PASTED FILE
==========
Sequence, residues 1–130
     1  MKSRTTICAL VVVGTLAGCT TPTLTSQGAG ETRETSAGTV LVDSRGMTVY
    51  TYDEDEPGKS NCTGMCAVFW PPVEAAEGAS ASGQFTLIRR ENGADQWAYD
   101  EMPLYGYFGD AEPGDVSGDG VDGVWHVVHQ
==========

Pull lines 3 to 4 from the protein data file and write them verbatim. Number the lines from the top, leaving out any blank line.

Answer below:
    51  TYDEDEPGKS NCTGMCAVFW PPVEAAEGAS ASGQFTLIRR ENGADQWAYD
   101  EMPLYGYFGD AEPGDVSGDG VDGVWHVVHQ